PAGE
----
About The Author
3 Roads, a group private practice is owned by clinical social worker and therapist, Chelsea Glover-Jordan based out of Maryland and Washington D.C. Chelsea is dedicated to helping underserved populations, black women in particular. With a niche in maternal health, anxiety, and depression, Chelsea works hard to meet clients where they are. To Chelsea, self-care is super important and that is one thing she encourages with anyone she encounters. She implements mindfulness exercises and interventions such as CBT, DBT and EMDR to help clients in their therapeutic journeys. She considers herself a spiritual being who is always on a journey to balance all 7 of her chakras.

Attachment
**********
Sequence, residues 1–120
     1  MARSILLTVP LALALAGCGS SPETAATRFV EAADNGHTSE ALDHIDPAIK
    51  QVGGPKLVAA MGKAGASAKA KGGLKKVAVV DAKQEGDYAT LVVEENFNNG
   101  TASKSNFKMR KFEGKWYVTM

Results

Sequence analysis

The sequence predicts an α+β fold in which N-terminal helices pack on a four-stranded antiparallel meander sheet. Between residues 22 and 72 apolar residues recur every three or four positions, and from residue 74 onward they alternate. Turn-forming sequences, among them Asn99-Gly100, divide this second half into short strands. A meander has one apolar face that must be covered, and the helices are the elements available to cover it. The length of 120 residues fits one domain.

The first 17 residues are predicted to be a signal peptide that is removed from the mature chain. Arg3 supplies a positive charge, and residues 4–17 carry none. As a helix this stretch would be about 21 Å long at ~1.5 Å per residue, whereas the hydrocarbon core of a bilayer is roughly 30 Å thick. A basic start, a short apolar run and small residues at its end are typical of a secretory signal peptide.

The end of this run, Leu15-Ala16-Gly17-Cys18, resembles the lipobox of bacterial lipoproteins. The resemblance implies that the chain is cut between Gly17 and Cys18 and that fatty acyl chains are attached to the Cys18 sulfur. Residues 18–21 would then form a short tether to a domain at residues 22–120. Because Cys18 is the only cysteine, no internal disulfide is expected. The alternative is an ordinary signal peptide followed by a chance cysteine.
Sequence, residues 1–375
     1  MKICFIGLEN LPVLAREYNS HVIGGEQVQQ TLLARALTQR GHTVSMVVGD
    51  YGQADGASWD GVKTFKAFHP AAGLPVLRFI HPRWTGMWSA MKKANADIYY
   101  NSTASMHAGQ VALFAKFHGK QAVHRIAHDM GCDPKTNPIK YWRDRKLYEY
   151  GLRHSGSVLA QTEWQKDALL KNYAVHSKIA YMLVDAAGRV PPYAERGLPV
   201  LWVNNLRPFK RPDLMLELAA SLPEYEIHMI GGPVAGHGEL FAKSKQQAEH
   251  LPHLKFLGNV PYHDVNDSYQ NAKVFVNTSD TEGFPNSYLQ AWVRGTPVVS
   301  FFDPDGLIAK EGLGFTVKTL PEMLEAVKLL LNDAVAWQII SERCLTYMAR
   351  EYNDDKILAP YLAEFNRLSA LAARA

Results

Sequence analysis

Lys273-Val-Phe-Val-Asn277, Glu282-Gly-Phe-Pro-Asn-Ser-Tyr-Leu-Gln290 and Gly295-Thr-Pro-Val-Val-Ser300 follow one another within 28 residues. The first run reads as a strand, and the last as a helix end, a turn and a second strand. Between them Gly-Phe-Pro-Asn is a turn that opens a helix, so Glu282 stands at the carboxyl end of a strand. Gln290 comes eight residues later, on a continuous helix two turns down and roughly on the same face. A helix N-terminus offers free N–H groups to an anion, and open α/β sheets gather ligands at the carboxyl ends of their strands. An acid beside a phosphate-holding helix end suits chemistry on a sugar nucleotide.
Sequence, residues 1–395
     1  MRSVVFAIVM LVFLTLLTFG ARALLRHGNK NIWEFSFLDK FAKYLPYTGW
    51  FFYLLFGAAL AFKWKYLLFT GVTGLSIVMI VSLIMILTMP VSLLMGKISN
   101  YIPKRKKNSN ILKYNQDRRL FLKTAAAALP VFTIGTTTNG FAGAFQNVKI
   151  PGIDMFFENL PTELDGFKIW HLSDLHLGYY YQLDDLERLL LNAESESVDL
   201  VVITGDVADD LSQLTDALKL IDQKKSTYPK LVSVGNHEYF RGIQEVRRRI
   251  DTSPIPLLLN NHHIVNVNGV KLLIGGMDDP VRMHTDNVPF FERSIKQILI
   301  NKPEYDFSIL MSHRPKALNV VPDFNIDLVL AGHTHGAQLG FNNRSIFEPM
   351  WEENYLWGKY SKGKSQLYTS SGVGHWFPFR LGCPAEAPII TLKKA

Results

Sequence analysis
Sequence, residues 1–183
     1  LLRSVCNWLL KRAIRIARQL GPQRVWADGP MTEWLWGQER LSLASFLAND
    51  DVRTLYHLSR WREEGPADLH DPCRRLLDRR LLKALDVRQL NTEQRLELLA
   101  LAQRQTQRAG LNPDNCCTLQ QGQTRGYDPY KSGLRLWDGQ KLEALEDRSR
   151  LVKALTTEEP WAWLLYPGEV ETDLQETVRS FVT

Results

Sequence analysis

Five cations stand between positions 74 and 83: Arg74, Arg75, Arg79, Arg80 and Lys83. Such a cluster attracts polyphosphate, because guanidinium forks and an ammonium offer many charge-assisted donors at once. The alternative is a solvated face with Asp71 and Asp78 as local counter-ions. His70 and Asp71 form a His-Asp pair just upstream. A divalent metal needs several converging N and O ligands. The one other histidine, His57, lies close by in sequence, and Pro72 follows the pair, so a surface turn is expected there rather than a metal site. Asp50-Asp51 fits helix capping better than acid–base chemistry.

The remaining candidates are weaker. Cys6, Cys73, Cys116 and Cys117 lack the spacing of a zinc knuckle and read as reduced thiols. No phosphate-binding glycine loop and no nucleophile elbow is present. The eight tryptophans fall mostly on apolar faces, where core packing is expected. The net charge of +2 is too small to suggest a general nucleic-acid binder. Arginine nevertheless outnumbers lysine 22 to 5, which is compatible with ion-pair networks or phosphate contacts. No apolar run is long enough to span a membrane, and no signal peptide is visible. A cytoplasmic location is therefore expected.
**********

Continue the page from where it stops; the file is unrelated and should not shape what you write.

3 Roads was established because she wanted to make a career out of something she loves doing, helping people. She sees so much beauty in the art of living to one’s full potential and on her journey to enlightened spirituality, she hopes that her narrative and experiences can help others.